Investor know thyself

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Investor know thyself.

It's a conundrum for many people — they want to pay their mortgage off but also want to start building an investment portfolio.

I have spent years encouraging clients to do both.

In some circumstances, a mortgage should obviously be repaid before investments are contemplated — but, for most people, by the time their mortgage is repaid, their investments won't have enough time to grow as much as they should.

When mortgage rates are very high, it's hard to argue a mortgage-holder should chase potentially higher returns elsewhere. If you are particularly indebted, it is clearly sensible to pay down debt before considering investing.

But when mortgage rates are low, as they are now, and alternative investments seemingly offer higher returns, the answer is not as straightforward.

I recently read a column by a British financial adviser, a self-proclaimed money expert. In early 2013, he had saved enough to pay off his mortgage — half was held in cash and half was in shares.

He didn't do it. Instead, he devised a plan to sell his shares slowly over the next eight years, hoping to squeeze out a bit more return before putting it into his mortgage.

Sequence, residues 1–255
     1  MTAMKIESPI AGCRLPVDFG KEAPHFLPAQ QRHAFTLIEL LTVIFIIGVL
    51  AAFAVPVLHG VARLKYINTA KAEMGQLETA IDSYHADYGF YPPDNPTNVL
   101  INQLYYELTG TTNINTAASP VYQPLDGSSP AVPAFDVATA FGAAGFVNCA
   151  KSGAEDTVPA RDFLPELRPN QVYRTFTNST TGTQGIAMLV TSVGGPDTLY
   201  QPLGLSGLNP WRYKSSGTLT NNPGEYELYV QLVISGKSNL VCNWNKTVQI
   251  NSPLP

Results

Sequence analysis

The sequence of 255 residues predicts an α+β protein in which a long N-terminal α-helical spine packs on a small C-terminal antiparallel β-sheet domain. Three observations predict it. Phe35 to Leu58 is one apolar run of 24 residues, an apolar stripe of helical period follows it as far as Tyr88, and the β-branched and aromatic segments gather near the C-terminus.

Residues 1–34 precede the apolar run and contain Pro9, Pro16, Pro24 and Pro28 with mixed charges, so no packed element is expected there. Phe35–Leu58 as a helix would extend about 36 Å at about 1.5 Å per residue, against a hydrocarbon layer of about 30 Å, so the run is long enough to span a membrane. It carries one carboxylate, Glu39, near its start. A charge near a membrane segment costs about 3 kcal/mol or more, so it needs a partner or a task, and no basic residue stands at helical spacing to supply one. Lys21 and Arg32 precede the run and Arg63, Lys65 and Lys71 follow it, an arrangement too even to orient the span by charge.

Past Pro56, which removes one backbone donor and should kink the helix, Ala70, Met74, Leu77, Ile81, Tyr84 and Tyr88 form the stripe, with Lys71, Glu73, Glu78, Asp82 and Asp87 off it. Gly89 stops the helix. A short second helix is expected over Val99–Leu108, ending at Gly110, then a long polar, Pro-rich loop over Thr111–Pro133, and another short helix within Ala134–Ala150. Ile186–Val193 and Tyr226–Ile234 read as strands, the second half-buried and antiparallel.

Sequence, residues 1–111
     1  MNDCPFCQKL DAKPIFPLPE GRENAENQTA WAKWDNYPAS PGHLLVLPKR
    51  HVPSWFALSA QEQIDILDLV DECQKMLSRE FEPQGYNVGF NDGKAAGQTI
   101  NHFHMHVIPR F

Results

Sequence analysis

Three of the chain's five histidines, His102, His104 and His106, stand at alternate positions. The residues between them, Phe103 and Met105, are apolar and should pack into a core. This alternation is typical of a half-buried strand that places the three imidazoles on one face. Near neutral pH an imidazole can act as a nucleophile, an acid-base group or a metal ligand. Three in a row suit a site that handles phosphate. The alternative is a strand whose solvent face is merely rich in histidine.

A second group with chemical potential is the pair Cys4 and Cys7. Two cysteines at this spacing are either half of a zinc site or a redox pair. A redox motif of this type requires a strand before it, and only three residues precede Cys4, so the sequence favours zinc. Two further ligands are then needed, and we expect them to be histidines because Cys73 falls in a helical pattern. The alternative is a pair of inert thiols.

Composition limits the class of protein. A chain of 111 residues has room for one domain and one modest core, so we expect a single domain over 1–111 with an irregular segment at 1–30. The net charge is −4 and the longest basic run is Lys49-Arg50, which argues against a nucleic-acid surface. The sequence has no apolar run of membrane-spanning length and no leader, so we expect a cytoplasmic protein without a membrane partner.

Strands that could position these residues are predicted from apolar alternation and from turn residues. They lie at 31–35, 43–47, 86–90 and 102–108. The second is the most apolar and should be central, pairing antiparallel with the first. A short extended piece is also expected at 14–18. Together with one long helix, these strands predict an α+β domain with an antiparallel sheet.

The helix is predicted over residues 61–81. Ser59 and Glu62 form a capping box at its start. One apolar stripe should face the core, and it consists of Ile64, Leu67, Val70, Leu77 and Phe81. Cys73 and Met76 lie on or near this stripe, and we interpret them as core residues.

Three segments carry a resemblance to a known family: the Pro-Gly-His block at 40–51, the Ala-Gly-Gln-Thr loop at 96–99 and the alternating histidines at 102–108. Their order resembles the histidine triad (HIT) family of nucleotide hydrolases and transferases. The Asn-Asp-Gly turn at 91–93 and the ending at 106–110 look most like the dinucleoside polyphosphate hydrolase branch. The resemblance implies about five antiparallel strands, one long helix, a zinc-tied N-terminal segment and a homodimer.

The first thing to happen was he learned a lot about himself, "especially my ability to tolerate risk".

By late 2013, his shares were up 20 per cent and "the sun was shining" as he made his first scheduled withdrawal in early 2014.

News bulletins proclaimed record stock market highs through 2014, which made him start to feel nervous. He sold more shares in late 2014, so by early 2015 he was a year ahead in his annual withdrawal plan.

He pulled out more in April 2015 because the "stock market see-saw" made him feel queasy.

Turmoil hit again in June, August and September 2015 and he started wondering "what if I lost half of everything from here?" He then reached "an emotional Rubicon" where he realised he was taking risk he didn't need to take.

"If markets fell again, what would the downside look like? Painful. What did the likely upside look like? Meaningless, a few extra grand or so. I was not brave in the face of losses I had no business taking".

He sold all his shares the next week. That was in November, six years early. His mortgage repayment fund is now 100 per cent in cash, earning precious little. He says "no one can take that away from me now. Not even myself. It was one of the best decisions I've ever made."

I can understand his decision as, while his plan sounded fine in theory, it turns out he didn't have the stomach for the risk involved.

However, others who commented on his article were less understanding. One adviser captured the consensus view by saying: "Hmmm, with mortgage rates below 1.5 per cent and assuming expected share market returns of ±5% in a tax free portfolio, I can't see why on earth you would pay off your mortgage unless you thought your ability to earn was in serious jeopardy."

Others also questioned why the adviser chose to keep his funds in cash rather than actually paying off the mortgage: "If you are keeping your options open perhaps to take advantage of a market crash, then you've learned little about yourself as an investor!"

There is no right or wrong approach to this. Investor, know thyself. If repaying your mortgage allows you to sleep at night, do it. If you can tolerate risk, do it. Just know what sort of investor you are and act accordingly.


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